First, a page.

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 MedPAC Releases March Report, Urges Revised SNF Payment System

In its March 2018 Report to the Congress: Medicare Payment Policy, the Medicare Payment Advisory Commission (MedPAC) stuck to its previous policy mantra in urging Congress to make changes to the way skilled nursing facilities (SNFs) are reimbursed as early as next year under a revamped prospective payment system.

The report to lawmakers, which is one of two formal sets of proposals the commission produces annually (the other in June), included not only recommendations for SNF payment, but MedPAC’s broader analyses of payment adequacy in fee-for-service (FFS) Medicare and reviews of the status of Medicare Advantage (MA) and the prescription drug benefit, Part D.

“MedPAC also proposes changing the way Medicare pays for clinician services in FFS by moving beyond the Merit-based Incentive Payment System, recommends changes to MA and Part D to improve the equity and efficiency of those programs, and responds to a congressional mandate on telehealth in Medicare,” the commission said.

For long term and post-acute care providers, the highlights of the report, which Congress is not obligated to act on, include the commission recommending that for fiscal year 2019 (FY19) Congress should “eliminate the market basket update for SNFs for fiscal years 2019 and 2020 and direct the secretary [of Health and Human Services] to implement a redesigned prospective payment system (PPS) in fiscal year 2019 for SNFs.” The commission also said Congress should “direct the secretary to report to the Congress on the impacts of the revised PPS and make any additional adjustments to payments needed to more closely align payments with costs in fiscal year 2021.”

These policies did not stray from MedPAC’s work in recent months to refine its well-established beliefs on the need to change the current reimbursement model for SNFs.

On SNF Medicare margins, MedPAC said that in 2016, the average for freestanding SNFs was 11.4 percent, but noted that the projected FY18 margin is 9 percent. The expected decline is the result of the market basket update being offset by the productivity adjustment in 2017, the Medicare Access and CHIP Reauthorization Act (MACRA)-mandated update in 2018, and the program savings from value-based purchasing.

MedPAC also issued data on Medicaid use, spending, and non-Medicare (private-payer and Medicaid) margins. According to the commission, the number of Medicaid-certified facilities has declined slightly since 2015, less than 0.5 percent, but remains close to 15,000. Total FFS spending on SNF services dropped 3.2 percent between 2015 and 2016, and a smaller decline (minus 1.6 percent) is predicted between 2016 and 2017, according to data from the Centers for Medicare & Medicaid Services (CMS) in MedPAC’s report.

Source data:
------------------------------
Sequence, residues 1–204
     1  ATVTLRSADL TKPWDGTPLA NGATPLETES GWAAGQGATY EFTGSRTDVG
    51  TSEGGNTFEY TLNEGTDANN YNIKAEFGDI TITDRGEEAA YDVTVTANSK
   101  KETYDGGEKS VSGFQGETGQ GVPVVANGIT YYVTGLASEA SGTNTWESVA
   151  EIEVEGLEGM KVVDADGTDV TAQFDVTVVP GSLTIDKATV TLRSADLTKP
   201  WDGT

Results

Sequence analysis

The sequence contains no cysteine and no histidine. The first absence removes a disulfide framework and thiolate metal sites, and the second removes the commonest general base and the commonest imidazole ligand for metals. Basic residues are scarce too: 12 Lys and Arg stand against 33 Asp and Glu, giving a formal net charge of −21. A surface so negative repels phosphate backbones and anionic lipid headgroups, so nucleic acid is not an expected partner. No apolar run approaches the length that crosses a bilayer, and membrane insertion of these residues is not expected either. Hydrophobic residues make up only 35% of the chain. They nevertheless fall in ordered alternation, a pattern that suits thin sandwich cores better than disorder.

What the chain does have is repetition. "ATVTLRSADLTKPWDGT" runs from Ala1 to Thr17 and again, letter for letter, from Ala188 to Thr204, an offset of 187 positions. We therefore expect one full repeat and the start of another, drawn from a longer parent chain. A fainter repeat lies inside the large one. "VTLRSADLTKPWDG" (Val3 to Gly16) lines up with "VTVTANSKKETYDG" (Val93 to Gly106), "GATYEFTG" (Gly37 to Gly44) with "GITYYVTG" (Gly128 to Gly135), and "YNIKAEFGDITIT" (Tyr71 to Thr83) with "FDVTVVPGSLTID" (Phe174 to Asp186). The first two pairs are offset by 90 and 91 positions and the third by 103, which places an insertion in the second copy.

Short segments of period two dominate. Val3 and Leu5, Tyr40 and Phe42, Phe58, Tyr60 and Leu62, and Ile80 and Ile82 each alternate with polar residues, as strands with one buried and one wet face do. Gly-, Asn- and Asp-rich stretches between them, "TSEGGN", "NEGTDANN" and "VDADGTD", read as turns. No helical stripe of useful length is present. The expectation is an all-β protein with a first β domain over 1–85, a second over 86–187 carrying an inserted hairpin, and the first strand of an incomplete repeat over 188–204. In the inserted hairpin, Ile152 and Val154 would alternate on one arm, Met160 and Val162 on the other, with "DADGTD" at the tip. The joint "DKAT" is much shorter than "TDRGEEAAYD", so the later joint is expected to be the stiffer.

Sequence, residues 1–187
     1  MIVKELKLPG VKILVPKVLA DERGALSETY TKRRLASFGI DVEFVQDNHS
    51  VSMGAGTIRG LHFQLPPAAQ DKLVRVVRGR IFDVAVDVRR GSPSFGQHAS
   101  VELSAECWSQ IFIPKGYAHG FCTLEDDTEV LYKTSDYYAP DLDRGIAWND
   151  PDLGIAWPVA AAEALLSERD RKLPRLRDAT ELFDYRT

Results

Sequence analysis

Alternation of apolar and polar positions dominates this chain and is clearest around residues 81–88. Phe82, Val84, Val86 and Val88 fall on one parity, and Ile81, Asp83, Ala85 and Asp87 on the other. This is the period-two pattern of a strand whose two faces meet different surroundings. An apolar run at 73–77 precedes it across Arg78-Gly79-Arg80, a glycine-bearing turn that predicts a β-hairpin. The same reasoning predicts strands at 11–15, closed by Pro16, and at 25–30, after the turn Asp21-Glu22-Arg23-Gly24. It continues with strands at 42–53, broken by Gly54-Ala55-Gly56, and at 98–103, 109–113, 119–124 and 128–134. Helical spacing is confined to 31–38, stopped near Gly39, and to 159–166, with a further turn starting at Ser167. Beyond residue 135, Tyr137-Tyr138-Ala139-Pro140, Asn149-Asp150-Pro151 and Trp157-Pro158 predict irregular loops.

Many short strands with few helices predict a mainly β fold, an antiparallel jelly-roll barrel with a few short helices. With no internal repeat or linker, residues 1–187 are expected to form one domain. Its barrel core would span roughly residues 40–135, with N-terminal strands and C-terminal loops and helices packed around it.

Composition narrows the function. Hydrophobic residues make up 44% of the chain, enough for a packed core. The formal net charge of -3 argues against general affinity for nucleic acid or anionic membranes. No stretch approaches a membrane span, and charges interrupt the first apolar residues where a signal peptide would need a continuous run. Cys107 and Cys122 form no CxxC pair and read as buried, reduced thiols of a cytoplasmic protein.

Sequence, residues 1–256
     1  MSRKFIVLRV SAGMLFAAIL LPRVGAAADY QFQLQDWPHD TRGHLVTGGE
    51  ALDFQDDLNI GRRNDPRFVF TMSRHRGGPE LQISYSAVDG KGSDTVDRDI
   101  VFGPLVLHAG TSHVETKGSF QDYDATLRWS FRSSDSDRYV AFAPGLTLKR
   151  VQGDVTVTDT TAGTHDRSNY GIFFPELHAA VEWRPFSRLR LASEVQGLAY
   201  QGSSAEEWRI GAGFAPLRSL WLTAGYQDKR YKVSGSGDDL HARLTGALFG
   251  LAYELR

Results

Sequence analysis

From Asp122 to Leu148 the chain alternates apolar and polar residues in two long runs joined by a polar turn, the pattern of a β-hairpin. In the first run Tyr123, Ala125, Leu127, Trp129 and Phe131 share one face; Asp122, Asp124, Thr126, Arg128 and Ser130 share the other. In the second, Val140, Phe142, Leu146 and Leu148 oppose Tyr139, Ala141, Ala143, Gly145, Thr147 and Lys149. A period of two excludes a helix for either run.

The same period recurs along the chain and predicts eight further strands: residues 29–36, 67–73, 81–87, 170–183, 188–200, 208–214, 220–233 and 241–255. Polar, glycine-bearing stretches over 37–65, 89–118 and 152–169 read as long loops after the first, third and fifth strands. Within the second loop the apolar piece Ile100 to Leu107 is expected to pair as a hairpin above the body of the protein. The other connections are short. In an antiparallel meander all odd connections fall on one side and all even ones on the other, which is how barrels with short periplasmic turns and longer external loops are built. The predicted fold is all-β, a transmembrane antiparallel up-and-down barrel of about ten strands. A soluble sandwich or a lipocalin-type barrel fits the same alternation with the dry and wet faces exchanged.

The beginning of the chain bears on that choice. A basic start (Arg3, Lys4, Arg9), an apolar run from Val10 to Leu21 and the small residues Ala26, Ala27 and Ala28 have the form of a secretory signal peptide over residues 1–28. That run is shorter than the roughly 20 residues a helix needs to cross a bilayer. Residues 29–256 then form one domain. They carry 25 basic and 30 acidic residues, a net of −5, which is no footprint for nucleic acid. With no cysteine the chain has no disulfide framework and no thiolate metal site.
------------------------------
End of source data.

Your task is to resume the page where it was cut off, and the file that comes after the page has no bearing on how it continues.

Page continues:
In 2016, MedPAC said the average total SNF margin was 0.7 percent, less than 1 percent. This figure includes all payers (managed care, Medicaid, Medicare, and private insurers) and all lines of business (hospice, ancillary services, home health care, and investment income). The 2016 margin is down from 1.6 percent in 2015.

The average non-Medicare margin (which includes all payers and all lines of business except Medicare FFS SNF services) was minus 2.3 percent, also lower than the minus 2.1 percent seen for 2015.

Moving to other issues, MedPAC said it remains supportive of the Resident Classification System Version 1 (RCS-1) and urged quick implementation. “The [RCS] design is consistent with the design recommended by the commission in 2008, and the estimated impacts would be similar,” the report said.

The design, MedPAC said, would redistribute payments from rehabilitation patients (especially those assigned to the highest rehabilitation case-mix groups) to medical patients, patients with high NTA (non-therapy ancillary) costs, and patients requiring extensive services or wound care. “Reflecting the mix of patients, payments would shift from freestanding to hospital-based providers and from for-profit to nonprofit providers.”

On admissions data, MedPAC said between 2015 and 2016, SNF admissions per FFS beneficiary declined 3.6 percent. In calculating these numbers, MedPAC only examines FFS beneficiaries because CMS data on users, days, and admissions do not include service use by those in MA plans.

Covered days per 1,000 FFS beneficiaries declined even more (minus 6.5 percent). And, the report said the combination of decreased SNF admissions and even sharper declines in days resulted in shorter stays on average (25.7 days in 2016).

MedPAC said the admissions and lengths of stay trends reflect a growing presence of alternative payment models like accountable care organizations and bundled payments. “There is some evidence that providers participating in alternative payment models refer fewer patients to PAC [post-acute care, including SNF] and that their SNF use includes shorter and less therapy-intensive stays.”

For the full report, visit

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